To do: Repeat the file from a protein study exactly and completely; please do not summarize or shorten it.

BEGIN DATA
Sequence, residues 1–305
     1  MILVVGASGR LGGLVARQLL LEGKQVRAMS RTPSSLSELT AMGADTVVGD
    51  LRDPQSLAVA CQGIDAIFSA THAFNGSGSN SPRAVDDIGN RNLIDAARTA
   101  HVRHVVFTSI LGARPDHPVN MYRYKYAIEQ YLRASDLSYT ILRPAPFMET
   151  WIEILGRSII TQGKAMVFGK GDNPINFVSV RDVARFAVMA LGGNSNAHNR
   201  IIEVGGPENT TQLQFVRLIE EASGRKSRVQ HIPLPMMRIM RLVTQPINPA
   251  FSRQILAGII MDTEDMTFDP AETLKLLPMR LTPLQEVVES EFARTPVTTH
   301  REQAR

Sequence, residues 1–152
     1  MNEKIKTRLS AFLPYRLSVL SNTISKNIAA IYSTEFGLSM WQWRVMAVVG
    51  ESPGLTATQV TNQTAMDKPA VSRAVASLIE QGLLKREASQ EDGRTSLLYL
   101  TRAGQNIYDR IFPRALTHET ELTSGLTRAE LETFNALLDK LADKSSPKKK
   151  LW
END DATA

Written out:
Sequence, residues 1–305
     1  MILVVGASGR LGGLVARQLL LEGKQVRAMS RTPSSLSELT AMGADTVVGD
    51  LRDPQSLAVA CQGIDAIFSA THAFNGSGSN SPRAVDDIGN RNLIDAARTA
   101  HVRHVVFTSI LGARPDHPVN MYRYKYAIEQ YLRASDLSYT ILRPAPFMET
   151  WIEILGRSII TQGKAMVFGK GDNPINFVSV RDVARFAVMA LGGNSNAHNR
   201  IIEVGGPENT TQLQFVRLIE EASGRKSRVQ HIPLPMMRIM RLVTQPINPA
   251  FSRQILAGII MDTEDMTFDP AETLKLLPMR LTPLQEVVES EFARTPVTTH
   301  REQAR

Sequence, residues 1–152
     1  MNEKIKTRLS AFLPYRLSVL SNTISKNIAA IYSTEFGLSM WQWRVMAVVG
    51  ESPGLTATQV TNQTAMDKPA VSRAVASLIE QGLLKREASQ EDGRTSLLYL
   101  TRAGQNIYDR IFPRALTHET ELTSGLTRAE LETFNALLDK LADKSSPKKK
   151  LW